Jersey’s International Finance Centre The Jersey Development Company (JDC), owned by the States of Jersey, is commencing the first phase of the construction of Jersey’s International Finance Centre (JIFC) in 2014. The JIFC is creating an important new flagship business district for Jersey’s premier industry. Its location is at the heart of St Helier’s business district and is in close proximity to its retail core.The development will deliver a total of 500,000 sq. ft. of Grade A office accommodation, in six standalone buildings with column free floorplates and private parking, and will be of the highest architectural and environmental standards. JDC is in discussion with a number of interested tenants for the first buildings and these are anticipated to be ready for occupation in early 2016. For further information, visit www.jifc.je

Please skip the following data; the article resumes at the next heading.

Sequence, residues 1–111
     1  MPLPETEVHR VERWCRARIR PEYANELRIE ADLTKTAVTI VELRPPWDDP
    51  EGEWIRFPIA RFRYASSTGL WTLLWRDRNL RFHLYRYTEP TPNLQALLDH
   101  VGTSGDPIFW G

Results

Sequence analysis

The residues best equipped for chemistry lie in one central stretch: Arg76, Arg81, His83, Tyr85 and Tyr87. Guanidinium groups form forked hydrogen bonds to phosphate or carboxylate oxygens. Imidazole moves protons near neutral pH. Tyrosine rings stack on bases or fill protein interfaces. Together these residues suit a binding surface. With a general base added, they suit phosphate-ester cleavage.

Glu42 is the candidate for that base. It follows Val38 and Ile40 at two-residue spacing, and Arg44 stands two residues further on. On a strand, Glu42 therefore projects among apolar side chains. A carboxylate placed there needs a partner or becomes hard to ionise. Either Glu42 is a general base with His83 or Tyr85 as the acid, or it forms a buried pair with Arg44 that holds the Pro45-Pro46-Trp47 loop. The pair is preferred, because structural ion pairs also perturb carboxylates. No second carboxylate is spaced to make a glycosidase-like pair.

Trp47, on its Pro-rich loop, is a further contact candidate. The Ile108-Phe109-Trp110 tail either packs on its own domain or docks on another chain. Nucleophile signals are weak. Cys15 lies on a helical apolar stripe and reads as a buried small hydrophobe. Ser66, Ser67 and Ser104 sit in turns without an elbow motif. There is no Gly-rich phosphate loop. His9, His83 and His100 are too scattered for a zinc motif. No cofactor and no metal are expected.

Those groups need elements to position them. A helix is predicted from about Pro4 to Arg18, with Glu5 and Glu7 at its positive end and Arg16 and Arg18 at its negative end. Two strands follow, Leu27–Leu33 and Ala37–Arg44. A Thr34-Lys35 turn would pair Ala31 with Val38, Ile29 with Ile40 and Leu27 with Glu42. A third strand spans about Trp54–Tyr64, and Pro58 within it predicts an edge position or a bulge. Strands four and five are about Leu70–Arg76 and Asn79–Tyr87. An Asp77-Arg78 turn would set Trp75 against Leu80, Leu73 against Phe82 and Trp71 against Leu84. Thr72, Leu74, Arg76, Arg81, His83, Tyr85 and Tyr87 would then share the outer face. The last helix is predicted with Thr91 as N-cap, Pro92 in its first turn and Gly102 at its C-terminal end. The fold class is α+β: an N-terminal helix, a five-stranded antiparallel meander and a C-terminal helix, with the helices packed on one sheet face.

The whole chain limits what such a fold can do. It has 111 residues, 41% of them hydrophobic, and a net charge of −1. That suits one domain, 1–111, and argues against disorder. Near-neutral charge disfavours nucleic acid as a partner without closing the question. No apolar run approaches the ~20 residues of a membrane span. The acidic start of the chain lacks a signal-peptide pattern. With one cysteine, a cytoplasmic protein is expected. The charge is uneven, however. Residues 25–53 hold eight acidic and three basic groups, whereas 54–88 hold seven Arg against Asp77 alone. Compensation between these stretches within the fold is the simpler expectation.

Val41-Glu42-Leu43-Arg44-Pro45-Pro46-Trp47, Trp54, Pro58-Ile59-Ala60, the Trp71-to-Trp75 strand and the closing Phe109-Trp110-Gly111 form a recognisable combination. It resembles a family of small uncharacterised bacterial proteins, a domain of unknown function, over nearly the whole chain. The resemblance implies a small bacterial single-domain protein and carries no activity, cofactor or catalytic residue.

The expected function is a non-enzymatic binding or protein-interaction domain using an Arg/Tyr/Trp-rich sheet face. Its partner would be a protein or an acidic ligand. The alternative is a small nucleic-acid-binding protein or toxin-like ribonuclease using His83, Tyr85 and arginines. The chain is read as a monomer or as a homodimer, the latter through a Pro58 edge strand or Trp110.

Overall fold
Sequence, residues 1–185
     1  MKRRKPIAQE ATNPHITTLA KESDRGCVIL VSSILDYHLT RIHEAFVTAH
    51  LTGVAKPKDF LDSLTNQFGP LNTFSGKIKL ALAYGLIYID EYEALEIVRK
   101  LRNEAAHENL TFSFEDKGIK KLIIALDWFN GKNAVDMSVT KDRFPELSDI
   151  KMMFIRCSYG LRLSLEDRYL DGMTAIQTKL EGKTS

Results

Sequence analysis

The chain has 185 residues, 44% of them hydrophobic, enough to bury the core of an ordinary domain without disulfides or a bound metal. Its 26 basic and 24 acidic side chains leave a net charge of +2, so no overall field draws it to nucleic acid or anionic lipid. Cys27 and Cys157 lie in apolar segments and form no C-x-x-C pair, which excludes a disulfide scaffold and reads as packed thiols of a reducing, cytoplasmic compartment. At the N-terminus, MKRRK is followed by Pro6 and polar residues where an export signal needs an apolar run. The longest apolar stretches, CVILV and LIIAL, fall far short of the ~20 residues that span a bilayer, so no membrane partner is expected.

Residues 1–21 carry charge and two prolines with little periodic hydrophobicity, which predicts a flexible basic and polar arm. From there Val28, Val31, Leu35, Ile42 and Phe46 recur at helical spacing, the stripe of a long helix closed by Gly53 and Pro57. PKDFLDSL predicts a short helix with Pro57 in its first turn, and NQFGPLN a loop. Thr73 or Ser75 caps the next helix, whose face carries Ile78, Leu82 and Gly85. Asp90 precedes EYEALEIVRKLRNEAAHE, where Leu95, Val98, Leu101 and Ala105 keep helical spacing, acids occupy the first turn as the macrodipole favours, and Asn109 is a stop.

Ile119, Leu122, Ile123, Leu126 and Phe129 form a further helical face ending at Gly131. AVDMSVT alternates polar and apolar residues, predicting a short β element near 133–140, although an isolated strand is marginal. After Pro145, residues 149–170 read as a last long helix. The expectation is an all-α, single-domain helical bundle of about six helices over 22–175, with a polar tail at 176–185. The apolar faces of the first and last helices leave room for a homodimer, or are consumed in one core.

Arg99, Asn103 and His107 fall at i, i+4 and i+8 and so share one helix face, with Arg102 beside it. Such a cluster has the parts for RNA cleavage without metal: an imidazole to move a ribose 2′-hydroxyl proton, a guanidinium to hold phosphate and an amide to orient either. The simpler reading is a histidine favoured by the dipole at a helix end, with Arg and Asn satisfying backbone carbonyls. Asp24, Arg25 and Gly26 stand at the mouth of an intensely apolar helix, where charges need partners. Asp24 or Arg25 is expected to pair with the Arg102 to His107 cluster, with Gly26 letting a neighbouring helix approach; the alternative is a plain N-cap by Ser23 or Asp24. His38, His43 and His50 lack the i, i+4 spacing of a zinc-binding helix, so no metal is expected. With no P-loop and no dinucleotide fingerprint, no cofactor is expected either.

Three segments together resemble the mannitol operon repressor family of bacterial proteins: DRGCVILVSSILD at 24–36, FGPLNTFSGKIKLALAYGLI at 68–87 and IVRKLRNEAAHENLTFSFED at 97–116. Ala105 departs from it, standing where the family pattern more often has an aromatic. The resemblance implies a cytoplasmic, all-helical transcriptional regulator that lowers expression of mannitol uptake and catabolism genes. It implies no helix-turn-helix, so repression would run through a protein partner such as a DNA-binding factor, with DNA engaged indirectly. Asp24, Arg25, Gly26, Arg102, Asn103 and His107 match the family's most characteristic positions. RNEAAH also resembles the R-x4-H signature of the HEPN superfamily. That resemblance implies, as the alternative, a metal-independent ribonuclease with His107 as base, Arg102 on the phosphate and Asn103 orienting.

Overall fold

Where the underlying asset is a UK development property the UK/Jersey Double Taxation Treaty is helpful in reducing exposure to UK taxation. From a taxation perspective, development is more difficult and requires careful structuring and implementation to avoid the Jersey entity creating a Permanent Establishment in the UK. GCC investors in commercial property can rest assured that service providers in Jersey are able to assist in all matters arising during the lifetime of real estate projects. ■
It allows for funding requirements to be drawn down over a period (particularly useful where a number of assets are being acquired or an asset is being developed over a period)
Limited partner investors have limited liability under Jersey law, provided that they do not take part in the management of the Limited Partnership
Limited Partnerships are transparent for taxation purposes
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GCC Banks in Jersey
Not only are Jersey-based organisations well established in the Gulf region, GCC banks have a strong presence in Jersey too.